July 31, 2018
Updated 29 June 2018
Reasons you need a driving license in Malaysia; you’re an eager 17 year old wanting to independently drive yourself, or you’re an expat or international student staying in Malaysia long term or you want to start driving for e-hailing companies like Grab. Before you signup with a driving school, this article will help you understand how to get a driving licence in Malaysia, the types of driving licenses and the various fees that are involved.
There are five different types of driving licences in Malaysia including:
This is the very first licence you will receive once you register with a driving school. LDL holders are only permitted to drive a car which has the ‘L’ plate displayed and the driver must be accompanied by a driving instructor.
LDL can be issued and renewed for a period of 3 to 6 months, up to a maximum period of 2 years from the date the license is issued. Once it has expired, LDL holders will need to restart the entire driving lesson process in order to obtain a renewed LDL. It’s therefore best to ensure that you complete your lessons before the 2 years are up.
Once you have passed all the driving lessons and examinations, and have been certified as a qualified driver by Jabatan Pengangkutan Jalan or Road Transport Department of Malaysia (JPJ), you will be issued with a PDL.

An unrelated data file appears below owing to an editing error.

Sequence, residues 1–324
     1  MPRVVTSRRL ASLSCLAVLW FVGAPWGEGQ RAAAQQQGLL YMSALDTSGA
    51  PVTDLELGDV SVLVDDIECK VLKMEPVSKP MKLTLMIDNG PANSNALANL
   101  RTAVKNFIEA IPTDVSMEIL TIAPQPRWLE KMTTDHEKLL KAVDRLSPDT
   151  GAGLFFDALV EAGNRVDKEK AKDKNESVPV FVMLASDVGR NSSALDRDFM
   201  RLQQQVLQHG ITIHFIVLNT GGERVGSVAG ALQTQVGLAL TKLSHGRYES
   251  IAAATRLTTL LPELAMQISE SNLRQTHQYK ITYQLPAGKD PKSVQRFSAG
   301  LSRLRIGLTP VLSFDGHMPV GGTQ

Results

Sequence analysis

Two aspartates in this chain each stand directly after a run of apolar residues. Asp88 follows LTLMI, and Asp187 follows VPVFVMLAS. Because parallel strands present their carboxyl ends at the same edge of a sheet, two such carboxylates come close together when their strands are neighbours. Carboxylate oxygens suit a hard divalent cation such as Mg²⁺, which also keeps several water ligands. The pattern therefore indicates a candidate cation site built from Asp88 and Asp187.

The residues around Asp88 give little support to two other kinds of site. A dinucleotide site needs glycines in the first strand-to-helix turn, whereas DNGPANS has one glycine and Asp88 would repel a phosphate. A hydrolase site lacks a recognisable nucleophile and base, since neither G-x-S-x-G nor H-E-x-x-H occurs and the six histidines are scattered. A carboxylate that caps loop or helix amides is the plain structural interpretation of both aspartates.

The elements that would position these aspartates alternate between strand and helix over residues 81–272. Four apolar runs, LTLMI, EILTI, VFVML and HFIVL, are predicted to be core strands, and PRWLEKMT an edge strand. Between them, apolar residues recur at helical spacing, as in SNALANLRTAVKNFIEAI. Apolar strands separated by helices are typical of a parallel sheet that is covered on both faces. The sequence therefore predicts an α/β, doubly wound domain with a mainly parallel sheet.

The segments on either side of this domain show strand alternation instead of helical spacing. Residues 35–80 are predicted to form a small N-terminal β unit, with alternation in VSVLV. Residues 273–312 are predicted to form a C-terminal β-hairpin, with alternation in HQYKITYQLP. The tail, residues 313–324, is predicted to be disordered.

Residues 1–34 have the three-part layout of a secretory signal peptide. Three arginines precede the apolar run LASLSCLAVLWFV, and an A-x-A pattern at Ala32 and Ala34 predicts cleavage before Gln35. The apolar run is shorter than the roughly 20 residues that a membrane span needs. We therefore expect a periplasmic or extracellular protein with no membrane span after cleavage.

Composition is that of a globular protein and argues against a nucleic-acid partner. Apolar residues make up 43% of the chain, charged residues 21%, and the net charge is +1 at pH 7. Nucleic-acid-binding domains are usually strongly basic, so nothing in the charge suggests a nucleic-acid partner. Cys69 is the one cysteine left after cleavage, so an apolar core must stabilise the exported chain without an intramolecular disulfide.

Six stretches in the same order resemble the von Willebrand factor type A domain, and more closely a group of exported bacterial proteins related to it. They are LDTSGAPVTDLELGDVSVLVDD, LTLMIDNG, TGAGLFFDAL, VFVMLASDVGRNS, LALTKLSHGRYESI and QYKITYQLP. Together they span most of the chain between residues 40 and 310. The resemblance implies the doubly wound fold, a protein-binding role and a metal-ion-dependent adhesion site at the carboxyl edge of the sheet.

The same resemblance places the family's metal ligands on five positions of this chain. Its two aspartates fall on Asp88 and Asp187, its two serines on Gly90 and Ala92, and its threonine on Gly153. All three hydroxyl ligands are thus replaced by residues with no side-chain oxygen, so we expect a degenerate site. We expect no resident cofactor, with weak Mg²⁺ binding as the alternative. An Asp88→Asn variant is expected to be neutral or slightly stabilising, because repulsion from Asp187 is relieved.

As a new driver, you will be subject to the 10-point KEJARA demerit point system where points will be deducted according to the various types of traffic offences. If you accumulate 10 points within the 2 years of a ‘P’ plate driver, your licence will be revoked. As a new driver, you are required to display the ‘P’ plate at the front and the back of your vehicle.
This is the full-fledged driving licence that you can obtain after the 2-year Probationary Driving Licence period is over. As a CDL driver, you will be subject to the 15-point KEJARA demerit point system that deducts points for traffic offences, leading to your licence being suspended or revoked.
CDL licenses are valid for a 1 year period and expires on your birthday of that year; you can renew it to a maximum of 5 years for each renewal. The renewal fee is RM30 per year (excluding government taxes) and, depending where you renew your driving license, you may be subjected to additional service charges.
To renew your CDL driving license, just visit your nearest POS Malaysia or JPJ branch and bring along your MyKad (or other legal identification documents) and your existing driver’s license. Inform the teller how many years you wish to renew your CDL license for and make your payment. Your new CDL license will be produced on-the-spot.
Though this article will mainly focus on obtaining a driving licence for a car, keep in mind that you can also obtain a special driving licence for commercial purposes including buses and trucks.
This is a licence that allows Malaysian drivers to drive outside of their country. It is especially useful when you’re heading abroad and plan on renting a car. Only CDL holders who are 18 years and above are eligible to apply for an IDP. PDL holders are not eligible.
Jump straight to: Driving License For Expats In Malaysia
Now that we’ve covered the 5 common types of driving licences in Malaysia, you should know that there are different classes which specify which type of vehicle you are allowed to ride or drive.
The classes are segregated into motorcycles, cars, trucks, and tractors. Here’s the list:
This article focuses mainly on the Class D (and Class DA) licenses – cars with unloaded weight not exceeding 3500 kg which is the licence type for those wanting to drive a car.